Hayward Lakes Outdoor Report 9-21-2021

Steve Suman


This week should offer plenty of sunshine once the heavy rains of Monday night move through the Hayward area. The forecast predicts high temperatures in the 60s and lows in the 40s ‑ except Wednesday’s low of 35 degrees! This is the time for considerable weather changes, so start digging out those flannel shirts!

Fall is a beautiful time in the North Woods and you can track color changes across the state by visiting the Fall Color Report on the Travel Wisconsin website.


The Hayward Fall Festival is this Saturday, September 25, in downtown Hayward. The Hayward Fall Festival is an annual tradition that celebrates the changing of the seasons with fine art and craft booths, sidewalk sales, various contests, wonderful food, brat, beer, and wine tent, activities for kids, and live music. Relay for Life of Sawyer County is hosting a 5K Run/Walk ‑ visit the website to register. For more information and a complete list of activities and events, visit www.haywardareachamber.com or call (715) 634-8662.


“In the Quiet Lakes area, days are getting shorter, overnight temperatures continue to drop, ferns along roadsides are starting to die off, and tree leaves are turning color and starting to fall,” says Pat at Happy Hooker.

“Many people are starting to store their boats for winter, cabin owners will start pulling docks, and with fewer people, the lakes will again become quiet.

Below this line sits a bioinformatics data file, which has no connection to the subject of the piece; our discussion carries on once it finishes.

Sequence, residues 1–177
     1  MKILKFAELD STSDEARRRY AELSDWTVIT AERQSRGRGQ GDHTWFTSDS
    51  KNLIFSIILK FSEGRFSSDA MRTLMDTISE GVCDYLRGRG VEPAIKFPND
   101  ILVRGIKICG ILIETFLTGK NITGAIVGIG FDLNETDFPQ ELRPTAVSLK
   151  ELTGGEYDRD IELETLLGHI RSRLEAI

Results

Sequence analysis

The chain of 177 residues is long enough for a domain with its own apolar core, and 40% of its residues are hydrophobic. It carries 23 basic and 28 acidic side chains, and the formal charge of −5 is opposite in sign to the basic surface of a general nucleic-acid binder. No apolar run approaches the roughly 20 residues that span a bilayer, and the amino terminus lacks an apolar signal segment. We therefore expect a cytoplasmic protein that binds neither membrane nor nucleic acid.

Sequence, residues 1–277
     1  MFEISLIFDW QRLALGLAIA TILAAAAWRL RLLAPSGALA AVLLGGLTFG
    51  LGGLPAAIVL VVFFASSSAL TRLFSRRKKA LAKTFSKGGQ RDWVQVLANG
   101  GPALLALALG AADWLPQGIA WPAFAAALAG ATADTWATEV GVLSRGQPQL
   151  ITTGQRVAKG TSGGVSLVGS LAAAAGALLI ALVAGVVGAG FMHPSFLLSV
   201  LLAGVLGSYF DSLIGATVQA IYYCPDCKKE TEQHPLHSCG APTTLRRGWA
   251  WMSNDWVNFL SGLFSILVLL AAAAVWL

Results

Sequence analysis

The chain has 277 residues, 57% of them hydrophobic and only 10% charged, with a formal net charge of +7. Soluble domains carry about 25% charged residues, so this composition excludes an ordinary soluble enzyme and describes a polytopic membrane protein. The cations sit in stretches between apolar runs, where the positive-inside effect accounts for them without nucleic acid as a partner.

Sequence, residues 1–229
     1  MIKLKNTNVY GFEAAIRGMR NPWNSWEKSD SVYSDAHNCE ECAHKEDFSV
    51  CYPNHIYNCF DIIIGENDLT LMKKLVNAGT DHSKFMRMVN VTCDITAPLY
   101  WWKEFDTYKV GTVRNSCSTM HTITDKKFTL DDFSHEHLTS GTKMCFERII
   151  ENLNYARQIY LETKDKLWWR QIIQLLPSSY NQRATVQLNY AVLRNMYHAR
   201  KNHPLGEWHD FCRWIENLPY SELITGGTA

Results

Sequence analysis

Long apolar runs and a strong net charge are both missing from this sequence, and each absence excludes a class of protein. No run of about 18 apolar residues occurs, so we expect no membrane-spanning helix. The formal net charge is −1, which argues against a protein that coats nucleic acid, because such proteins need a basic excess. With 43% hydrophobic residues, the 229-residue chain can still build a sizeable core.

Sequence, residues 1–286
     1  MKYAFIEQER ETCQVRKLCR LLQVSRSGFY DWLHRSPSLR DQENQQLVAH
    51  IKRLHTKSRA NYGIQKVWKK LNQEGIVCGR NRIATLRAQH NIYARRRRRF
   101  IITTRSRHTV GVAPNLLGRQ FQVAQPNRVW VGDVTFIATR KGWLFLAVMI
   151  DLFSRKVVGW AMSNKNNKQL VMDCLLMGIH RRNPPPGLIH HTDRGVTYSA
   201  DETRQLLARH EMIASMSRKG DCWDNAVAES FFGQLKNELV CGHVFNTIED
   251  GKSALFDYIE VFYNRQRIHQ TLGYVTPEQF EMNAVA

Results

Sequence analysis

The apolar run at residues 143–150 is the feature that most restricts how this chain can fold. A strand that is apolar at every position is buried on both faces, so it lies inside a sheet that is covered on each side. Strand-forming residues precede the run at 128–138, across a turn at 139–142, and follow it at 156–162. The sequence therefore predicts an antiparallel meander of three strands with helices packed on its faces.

“This time of year, we usually get back to early May fishing tactics, and fishing is getting better every week. The next two months are arguably the best fishing months of the year.

“Musky fishing is still slow, but anglers are seeing some fish and reporting many follows, so the fish are beginning to move. Bucktails, swimbaits, and topwaters are all producing some interest, while other anglers are having mixed success with speed trolling and slow-dragging musky suckers along weed edges. Water levels are still down, so be careful. This is especially true when you are in unfamiliar areas.

“Walleyes are on mid-lake rock and weeds in 8-12 feet. Live bait under slip bobbers and jigs and minnows are the best tactics. Use light monofilament in 6-pound test to help with stretch.

“Bass anglers are making some great catches on Shad Raps, spinnerbaits, and plastic frogs and other topwaters. Wind-driven shorelines and 5-13 feet are the best locations. Do not be surprised if you tangle with smaller northern pike when concentrating on these areas.

“Crappie action is picking up on weeds and mid-lake rock, with most anglers catching fish in 8-12 feet.

“Panfish anglers looking for constant action should target cabbage, beaches, and docking areas. Worm chunks, Mister Twisters, and other types of small plastics will catch some fish.”


Jarrett at Hayward Bait says muskies are putting on the feedbag with the dropping temperatures.